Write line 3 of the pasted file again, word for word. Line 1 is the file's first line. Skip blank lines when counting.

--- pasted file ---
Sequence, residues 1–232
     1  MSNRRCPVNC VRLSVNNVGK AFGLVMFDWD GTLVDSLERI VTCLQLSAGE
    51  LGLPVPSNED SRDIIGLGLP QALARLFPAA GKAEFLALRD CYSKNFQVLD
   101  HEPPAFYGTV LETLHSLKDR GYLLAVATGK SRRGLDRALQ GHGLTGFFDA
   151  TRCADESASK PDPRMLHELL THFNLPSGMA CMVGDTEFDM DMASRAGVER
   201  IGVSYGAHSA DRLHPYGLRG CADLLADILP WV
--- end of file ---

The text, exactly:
    51  LGLPVPSNED SRDIIGLGLP QALARLFPAA GKAEFLALRD CYSKNFQVLD